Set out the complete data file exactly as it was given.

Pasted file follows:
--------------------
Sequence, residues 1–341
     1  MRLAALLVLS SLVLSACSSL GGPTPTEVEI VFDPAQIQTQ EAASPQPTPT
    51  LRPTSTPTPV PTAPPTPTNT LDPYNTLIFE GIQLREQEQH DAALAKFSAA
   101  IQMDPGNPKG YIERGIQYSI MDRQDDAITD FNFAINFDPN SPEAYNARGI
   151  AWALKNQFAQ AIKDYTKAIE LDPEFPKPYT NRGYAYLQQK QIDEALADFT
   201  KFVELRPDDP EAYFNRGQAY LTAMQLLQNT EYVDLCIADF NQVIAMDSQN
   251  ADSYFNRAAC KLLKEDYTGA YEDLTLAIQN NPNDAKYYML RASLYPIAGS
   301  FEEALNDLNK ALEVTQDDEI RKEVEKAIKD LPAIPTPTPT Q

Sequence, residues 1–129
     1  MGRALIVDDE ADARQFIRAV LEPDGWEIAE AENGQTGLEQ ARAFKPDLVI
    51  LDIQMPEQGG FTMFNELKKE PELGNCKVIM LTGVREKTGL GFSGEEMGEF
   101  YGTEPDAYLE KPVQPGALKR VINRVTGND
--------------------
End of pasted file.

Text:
Sequence, residues 1–341
     1  MRLAALLVLS SLVLSACSSL GGPTPTEVEI VFDPAQIQTQ EAASPQPTPT
    51  LRPTSTPTPV PTAPPTPTNT LDPYNTLIFE GIQLREQEQH DAALAKFSAA
   101  IQMDPGNPKG YIERGIQYSI MDRQDDAITD FNFAINFDPN SPEAYNARGI
   151  AWALKNQFAQ AIKDYTKAIE LDPEFPKPYT NRGYAYLQQK QIDEALADFT
   201  KFVELRPDDP EAYFNRGQAY LTAMQLLQNT EYVDLCIADF NQVIAMDSQN
   251  ADSYFNRAAC KLLKEDYTGA YEDLTLAIQN NPNDAKYYML RASLYPIAGS
   301  FEEALNDLNK ALEVTQDDEI RKEVEKAIKD LPAIPTPTPT Q

Sequence, residues 1–129
     1  MGRALIVDDE ADARQFIRAV LEPDGWEIAE AENGQTGLEQ ARAFKPDLVI
    51  LDIQMPEQGG FTMFNELKKE PELGNCKVIM LTGVREKTGL GFSGEEMGEF
   101  YGTEPDAYLE KPVQPGALKR VINRVTGND